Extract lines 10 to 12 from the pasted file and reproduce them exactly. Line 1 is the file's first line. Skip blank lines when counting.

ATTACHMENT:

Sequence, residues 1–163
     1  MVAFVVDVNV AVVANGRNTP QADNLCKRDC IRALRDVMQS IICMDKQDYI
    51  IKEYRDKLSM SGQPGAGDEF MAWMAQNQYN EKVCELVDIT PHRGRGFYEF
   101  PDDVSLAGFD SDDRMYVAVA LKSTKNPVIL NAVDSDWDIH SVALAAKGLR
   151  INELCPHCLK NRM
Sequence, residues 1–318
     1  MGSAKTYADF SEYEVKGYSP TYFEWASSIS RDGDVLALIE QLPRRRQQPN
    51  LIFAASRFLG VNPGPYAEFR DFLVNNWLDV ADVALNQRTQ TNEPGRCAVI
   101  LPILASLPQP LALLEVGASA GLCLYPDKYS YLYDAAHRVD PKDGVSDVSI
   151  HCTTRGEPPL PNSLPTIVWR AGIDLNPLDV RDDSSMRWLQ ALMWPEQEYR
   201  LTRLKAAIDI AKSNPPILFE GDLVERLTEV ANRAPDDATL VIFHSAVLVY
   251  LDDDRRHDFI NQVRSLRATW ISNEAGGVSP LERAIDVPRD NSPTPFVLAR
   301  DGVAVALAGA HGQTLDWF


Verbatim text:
   151  HCTTRGEPPL PNSLPTIVWR AGIDLNPLDV RDDSSMRWLQ ALMWPEQEYR
   201  LTRLKAAIDI AKSNPPILFE GDLVERLTEV ANRAPDDATL VIFHSAVLVY
   251  LDDDRRHDFI NQVRSLRATW ISNEAGGVSP LERAIDVPRD NSPTPFVLAR